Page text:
“Can Soft Signals Turn Oncogenic? A soft-matter and multiscale modeling approach to engineering cancer cells and inform therapies”
Hosted by the Department of Biomedical Engineering
Abstract: The talk will focus on building predictive models in cell biology and bioengineering using equilibrium and non-equilibrium statistical mechanics, and collaboratively validating such models in in vitro physical science-based experiments, in vivo in cell culture, and in vivo in model organisms and human trials.
A theme, we discuss in relation to tumors of the soft tissues, the question “Can Soft Signals Turn Oncogenic?” There are emerging links between the stiffness of the tissue microenvironment and the tumorogenicity in several tumors of soft tissues, thereby bringing to light the importance of how cells transduce mechanical signals to alter signals and cell fate. We focus on molecular and subcellular mechanisms of curvature induction and sensing in cell membranes by a novel class of membrane remodeling proteins. We demonstrate how membrane morphologies such as protrusions can serve as signaling hubs to initiate and sustain survival as well as proliferative pathways in single cells that are initiated solely by physical stimulus and without any external biochemical cues.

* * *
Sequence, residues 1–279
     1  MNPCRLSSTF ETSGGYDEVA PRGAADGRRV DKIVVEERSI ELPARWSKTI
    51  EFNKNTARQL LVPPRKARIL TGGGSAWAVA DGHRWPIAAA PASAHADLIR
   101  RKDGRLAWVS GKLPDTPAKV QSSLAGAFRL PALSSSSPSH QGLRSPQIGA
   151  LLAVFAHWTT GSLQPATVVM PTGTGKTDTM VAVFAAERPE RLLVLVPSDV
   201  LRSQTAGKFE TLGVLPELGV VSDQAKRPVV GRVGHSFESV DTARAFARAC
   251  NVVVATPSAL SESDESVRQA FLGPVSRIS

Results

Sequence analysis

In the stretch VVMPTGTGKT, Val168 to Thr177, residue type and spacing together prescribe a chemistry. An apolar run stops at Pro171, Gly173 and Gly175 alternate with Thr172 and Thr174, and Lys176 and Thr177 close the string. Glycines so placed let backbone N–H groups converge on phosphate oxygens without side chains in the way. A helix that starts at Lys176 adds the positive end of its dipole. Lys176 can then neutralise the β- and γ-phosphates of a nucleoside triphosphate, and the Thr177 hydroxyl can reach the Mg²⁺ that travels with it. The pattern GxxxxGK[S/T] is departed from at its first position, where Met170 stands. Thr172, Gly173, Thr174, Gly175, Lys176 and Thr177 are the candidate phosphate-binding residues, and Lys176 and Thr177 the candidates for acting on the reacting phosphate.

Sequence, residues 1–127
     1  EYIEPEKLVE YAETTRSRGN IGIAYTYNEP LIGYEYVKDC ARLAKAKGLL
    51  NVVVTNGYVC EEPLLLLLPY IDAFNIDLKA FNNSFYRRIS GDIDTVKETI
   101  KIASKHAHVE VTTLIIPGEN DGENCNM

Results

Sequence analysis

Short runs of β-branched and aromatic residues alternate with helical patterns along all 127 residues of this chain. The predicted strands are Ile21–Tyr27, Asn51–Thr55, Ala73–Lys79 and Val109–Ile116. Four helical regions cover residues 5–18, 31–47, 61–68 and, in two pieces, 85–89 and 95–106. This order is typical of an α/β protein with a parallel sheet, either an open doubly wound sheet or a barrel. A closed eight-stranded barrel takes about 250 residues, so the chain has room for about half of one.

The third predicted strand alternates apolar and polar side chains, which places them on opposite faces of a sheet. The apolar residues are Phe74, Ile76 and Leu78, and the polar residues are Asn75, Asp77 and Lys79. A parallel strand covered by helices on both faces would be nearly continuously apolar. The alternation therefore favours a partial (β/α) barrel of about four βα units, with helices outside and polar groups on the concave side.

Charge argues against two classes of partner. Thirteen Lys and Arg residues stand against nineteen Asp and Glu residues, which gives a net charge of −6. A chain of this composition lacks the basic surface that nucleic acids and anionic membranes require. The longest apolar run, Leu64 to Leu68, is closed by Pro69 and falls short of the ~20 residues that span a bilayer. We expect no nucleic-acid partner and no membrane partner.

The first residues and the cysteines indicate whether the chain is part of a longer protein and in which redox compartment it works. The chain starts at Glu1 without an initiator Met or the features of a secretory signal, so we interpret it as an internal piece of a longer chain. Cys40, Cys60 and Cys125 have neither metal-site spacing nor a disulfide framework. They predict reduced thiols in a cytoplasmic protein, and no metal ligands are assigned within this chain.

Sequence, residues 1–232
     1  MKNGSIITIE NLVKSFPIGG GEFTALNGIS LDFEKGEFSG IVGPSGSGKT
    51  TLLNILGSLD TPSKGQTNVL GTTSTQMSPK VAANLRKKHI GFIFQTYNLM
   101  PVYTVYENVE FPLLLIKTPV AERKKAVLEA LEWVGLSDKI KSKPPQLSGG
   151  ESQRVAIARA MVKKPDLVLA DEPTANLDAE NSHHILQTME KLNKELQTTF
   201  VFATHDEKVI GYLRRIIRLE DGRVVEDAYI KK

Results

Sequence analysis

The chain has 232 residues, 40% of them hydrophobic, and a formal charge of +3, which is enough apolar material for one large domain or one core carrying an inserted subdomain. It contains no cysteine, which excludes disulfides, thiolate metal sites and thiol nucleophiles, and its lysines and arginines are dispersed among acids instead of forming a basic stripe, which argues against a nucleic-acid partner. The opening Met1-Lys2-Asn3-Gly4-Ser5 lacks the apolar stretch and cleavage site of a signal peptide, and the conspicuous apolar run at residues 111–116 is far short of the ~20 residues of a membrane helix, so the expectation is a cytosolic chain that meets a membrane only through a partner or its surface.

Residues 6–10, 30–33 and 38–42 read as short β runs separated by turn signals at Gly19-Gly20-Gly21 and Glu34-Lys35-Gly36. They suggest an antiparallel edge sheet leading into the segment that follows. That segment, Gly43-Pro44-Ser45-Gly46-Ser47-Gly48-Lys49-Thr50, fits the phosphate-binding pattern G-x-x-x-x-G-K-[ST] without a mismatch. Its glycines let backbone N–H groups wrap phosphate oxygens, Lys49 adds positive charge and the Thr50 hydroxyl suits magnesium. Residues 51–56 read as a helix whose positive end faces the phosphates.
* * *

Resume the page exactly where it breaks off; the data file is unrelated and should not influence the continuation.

We show that mechanism for cell-cell interactions and signaling communications can be potently mediated by extracellular vesicles (exosomes and macrovesicles) whose biogenesis is controlled by the mechanobiology of the cell and the extracellular microenvironment. Exosome-mediated intercellular signaling can potentiate immune response in cancer and also viral infections (such as SARS-COV2 infection) and we will describe our efforts to integrate our biophysics-based approach to next generation pharmacokinetic modeling approach towards developing predictive digital twins models for optimizing therapies in cancer and beyond.
These works are funded by US NIH, NSF, and EU ERC.
For inquiries contact Mimi Hilburg.
Parking is available outside of Whitaker Hall in the new East End Garage. Click here for the map. If taking the subway, the nearest metrolink stop is Skinker.